Taking Exception

By

Rosemary Mucklow, Executive Director

National Meat Association

 

The Post is correct (Beef Safety and Salmonella 1/8/00) that the core questions at issue in the Texas lawsuit between Supreme Beef and the U. S. Department of Agriculture are scientific rather than legal, and are not suited to resolution in a courtroom. That is precisely why National Meat Association and three other industry organizations intervened in the litigation and filed amicus briefs with the court in December.

We continue to encourage the USDA to work out the scientific issues that are in dispute, and wish the Department would begin a dialogue to resolve this problem. Supreme Beef Processors, a member of National Meat Association, when faced with an unjustified suspension of operations by USDA, was left no alternative but to seek judicial intervention to protect its customers and its business. The courtís unprecedented action against USDA should speak clearly as to the weakness of the governmentís arguments. Sadly, having lost on the merits in the courtroom, USDA is now pressing its case in the news media rather than trying to resolve the core scientific issues in the case.

The meat industry strongly supports the recently implemented science-based changes to the federal meat (and poultry) inspection system. Modern technological and microbiological tools afford opportunities to make meat much safer for consumers. These techniques have been highly effective in reducing invisible and unacceptable pathogens, and have made meat hugely safer for consumers.

The new HACCP (Hazard Analysis Critical Control Point) inspection system focuses on prevention, and measuring the effectiveness of preventive activity at what are known as "critical control points" (CCPs) throughout processing. This processing is done under the oversight of USDA inspectors. In our view, it is vitally important to measure compliance at these critical control points where corrective action can be taken. A key part of the industryís dispute with USDA is our belief that, to be meaningful, effective and preventive, Salmonella testing should be implemented at these control points, early in the processing system, rather than later during processing or distribution at points where there are no related controls. It is precisely this early measurement and preventive correction that can be effective in achieving the goal of safer meat for consumers.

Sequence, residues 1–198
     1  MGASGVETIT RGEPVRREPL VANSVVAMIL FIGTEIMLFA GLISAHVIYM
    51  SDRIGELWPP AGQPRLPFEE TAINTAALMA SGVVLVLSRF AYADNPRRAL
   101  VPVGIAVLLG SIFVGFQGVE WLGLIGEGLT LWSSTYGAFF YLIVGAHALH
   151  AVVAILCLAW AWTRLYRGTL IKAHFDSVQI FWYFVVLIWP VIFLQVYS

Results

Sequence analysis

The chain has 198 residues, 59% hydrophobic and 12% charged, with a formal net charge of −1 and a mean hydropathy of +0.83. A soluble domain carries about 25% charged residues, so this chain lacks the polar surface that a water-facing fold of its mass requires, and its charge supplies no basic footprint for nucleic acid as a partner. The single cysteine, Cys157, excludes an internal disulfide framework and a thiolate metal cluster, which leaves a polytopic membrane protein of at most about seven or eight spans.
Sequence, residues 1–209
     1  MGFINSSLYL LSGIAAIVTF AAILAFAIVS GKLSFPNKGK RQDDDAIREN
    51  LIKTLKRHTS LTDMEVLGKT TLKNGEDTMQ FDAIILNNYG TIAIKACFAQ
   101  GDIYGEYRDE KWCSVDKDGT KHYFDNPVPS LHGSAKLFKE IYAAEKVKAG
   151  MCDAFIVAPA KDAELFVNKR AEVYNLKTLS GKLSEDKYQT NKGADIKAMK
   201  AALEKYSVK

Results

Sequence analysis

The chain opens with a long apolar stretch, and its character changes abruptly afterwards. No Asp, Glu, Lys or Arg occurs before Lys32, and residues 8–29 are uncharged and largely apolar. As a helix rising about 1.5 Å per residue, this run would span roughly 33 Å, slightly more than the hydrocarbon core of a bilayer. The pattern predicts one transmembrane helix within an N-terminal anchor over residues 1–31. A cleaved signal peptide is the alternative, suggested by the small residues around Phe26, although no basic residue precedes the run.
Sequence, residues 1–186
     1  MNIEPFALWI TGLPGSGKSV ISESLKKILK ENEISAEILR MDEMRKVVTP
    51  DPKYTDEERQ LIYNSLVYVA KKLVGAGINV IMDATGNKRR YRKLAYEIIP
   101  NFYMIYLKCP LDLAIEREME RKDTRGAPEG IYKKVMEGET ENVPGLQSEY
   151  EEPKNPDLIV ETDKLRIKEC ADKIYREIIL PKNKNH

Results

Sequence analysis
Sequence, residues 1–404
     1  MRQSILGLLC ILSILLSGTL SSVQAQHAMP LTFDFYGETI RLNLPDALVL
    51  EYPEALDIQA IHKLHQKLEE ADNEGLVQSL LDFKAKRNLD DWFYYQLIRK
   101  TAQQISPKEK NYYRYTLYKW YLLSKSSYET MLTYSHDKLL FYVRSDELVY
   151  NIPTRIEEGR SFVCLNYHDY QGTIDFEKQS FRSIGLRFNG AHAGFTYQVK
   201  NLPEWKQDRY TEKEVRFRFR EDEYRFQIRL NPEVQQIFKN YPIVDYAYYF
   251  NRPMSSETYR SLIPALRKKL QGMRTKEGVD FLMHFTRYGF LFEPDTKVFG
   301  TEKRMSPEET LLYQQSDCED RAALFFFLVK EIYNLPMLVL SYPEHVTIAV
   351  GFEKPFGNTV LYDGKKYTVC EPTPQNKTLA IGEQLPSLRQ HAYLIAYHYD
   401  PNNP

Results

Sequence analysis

When itís everyoneís goal minimize Salmonella, we would all be better off to focus our efforts on addressing the problems with the current USDA policy rather pay for lawyers to try to resolve the science-based differences in a court in Texas.